- Compost service is available at no cost to qualifying businesses and multi-family properties. Multi-family residents that do not have on-site composting are able to compost food at our innovative public food scrap drop-off stations.
- In cooperation with student group The Tomorrow Project, the City ran a pilot public food scrap cart in fall 2019, evaluating how well a public food compost container would work in downtown Kirkland. Unfortunately, the public food scrap cart was contaminated with plastic items all four weeks of the pilot, so the cart was removed in mid October. Learn more about the pilot and see photos of the contamination.
As we put more emphasis on reducing waste in our community, not just recycling it, we've added a new section to our website. Learn why it's important to reduce your waste and how you can make less waste and reuse more.
The City of Kirkland's plastic bag reduction policy is intended to reduce unnecessary plastic waste and encourage consumers to use reusable bags or reduce unneeded disposable bags. A new Washington State plastic bag policy will supersede Kirkland's policy beginning in 2021.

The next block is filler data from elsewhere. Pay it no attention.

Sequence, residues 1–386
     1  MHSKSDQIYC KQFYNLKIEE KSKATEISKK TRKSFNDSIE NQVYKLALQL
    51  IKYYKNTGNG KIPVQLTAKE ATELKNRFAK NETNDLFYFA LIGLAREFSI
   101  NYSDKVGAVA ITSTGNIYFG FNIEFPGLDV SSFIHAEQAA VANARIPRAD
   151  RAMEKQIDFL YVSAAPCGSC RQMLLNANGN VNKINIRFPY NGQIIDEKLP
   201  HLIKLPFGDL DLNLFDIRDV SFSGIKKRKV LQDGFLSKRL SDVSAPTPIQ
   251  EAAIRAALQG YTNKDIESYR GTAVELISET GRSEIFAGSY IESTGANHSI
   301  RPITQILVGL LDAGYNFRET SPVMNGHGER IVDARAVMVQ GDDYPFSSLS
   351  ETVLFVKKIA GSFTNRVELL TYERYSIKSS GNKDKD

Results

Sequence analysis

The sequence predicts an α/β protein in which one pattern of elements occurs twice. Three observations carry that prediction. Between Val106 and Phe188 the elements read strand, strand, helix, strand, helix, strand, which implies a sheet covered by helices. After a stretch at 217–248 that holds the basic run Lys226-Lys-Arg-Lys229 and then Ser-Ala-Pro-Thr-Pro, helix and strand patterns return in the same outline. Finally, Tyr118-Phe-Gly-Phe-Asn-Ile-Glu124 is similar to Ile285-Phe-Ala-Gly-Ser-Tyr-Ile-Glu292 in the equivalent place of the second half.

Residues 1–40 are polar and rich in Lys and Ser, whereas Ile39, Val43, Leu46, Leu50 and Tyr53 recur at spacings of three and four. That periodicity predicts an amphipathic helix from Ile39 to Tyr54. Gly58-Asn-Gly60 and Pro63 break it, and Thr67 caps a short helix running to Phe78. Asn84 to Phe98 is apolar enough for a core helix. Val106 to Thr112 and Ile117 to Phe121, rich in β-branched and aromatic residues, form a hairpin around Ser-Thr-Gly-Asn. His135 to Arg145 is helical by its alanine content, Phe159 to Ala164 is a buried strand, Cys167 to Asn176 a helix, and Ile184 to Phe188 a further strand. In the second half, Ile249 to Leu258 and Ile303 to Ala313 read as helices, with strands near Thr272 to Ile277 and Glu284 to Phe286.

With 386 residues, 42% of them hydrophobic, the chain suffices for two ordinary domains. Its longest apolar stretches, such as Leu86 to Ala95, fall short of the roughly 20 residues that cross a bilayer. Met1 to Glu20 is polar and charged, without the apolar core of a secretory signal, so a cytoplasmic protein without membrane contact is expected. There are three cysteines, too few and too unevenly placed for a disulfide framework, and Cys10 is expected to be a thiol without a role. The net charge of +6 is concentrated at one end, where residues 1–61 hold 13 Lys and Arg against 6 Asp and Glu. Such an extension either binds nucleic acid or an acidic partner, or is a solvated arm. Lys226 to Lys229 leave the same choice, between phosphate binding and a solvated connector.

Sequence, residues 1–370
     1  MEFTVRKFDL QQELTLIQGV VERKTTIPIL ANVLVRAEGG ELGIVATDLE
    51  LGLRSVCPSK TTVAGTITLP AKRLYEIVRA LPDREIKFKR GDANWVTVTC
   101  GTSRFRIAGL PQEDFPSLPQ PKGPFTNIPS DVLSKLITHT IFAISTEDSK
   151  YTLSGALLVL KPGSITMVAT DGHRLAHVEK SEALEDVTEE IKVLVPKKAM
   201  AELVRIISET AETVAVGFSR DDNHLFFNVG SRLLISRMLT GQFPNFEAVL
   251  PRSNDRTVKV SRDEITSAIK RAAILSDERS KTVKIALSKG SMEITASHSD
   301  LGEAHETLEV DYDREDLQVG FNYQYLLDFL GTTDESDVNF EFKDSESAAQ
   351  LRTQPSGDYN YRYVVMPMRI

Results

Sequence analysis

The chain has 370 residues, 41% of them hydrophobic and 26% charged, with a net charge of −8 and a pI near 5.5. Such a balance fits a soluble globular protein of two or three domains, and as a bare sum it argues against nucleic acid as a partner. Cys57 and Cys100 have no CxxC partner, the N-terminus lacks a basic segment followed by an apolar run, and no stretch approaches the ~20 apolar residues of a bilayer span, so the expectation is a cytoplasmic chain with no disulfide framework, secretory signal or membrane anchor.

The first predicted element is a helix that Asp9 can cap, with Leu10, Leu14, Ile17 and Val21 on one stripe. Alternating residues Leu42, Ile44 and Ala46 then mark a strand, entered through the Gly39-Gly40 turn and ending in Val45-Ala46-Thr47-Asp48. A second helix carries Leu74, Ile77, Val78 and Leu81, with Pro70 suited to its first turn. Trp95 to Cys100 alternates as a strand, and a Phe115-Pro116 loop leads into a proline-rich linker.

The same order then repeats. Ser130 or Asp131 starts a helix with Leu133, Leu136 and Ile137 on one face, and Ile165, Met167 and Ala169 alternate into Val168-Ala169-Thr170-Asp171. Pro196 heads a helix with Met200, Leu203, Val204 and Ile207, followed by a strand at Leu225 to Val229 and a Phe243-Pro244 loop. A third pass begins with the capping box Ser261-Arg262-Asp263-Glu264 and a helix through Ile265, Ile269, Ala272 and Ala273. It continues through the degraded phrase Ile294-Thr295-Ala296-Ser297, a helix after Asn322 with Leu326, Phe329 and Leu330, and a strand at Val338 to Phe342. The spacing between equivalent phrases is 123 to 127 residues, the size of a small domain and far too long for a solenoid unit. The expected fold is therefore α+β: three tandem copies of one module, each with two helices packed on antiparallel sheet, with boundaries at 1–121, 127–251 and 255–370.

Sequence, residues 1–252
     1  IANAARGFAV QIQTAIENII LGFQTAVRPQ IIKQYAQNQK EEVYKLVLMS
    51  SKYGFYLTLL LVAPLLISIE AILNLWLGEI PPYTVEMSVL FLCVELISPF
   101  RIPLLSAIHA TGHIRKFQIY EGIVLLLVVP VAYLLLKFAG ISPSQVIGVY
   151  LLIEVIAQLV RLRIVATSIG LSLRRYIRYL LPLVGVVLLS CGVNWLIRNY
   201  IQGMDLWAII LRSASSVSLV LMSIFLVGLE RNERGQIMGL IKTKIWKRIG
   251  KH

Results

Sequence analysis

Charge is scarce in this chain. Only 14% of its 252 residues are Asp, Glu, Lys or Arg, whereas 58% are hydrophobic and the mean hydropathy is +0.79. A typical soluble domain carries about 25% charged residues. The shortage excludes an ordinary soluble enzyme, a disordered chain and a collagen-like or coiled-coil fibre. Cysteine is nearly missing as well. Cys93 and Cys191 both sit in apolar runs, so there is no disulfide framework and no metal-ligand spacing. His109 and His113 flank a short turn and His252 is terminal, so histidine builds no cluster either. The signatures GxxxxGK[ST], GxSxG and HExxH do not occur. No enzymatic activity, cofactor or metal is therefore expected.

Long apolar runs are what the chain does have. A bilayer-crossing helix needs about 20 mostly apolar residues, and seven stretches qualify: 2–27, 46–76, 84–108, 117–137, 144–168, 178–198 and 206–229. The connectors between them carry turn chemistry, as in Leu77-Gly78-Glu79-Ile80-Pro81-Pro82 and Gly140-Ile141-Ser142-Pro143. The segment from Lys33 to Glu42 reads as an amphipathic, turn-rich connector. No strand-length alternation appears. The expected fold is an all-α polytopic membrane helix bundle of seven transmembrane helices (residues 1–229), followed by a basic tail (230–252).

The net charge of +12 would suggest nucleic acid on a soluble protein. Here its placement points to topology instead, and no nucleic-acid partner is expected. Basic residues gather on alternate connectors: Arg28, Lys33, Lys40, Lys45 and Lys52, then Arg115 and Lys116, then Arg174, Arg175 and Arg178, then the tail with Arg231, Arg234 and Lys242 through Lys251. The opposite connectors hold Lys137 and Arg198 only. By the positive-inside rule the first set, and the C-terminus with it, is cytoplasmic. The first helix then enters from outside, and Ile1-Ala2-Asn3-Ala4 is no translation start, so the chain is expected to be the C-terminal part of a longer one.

Staff presented introductory research and initial policy routes for addressing single use food service ware and polystyrene food packaging in Kirkland at the March 22, 2019 Public Works, Parks, and Human Services Committee. The same presentation was given at the April 2, 2019 Study Session. Staff have conducted further research and are currently preparing a supplementary report and proposed ordinance for Council to consider in 2020.
Kirkland supports and participates in regional solid waste policy planning efforts.
In recent years, the recycling system has faced dramatic changes that threaten its viability, leading to an exploration of alternatives. Extended Producer Responsibility (EPR) is a framework that shifts the cost of recycling from consumers to producers. By making producers of packaging and paper products responsible for managing what happens to it at the end of its life, EPR incentivizes producers to choose more recyclable options. EPR has been successfully implemented in the Pacific Northwest, in the province of British Columbia. A recent report created by the Responsible Recycling Task Force - a collective of representatives from local governments, the waste industry, and other stakeholders - explores how EPR could be implemented in Washington State to manage packaging and paper, which make up the bulk of curbside recycling.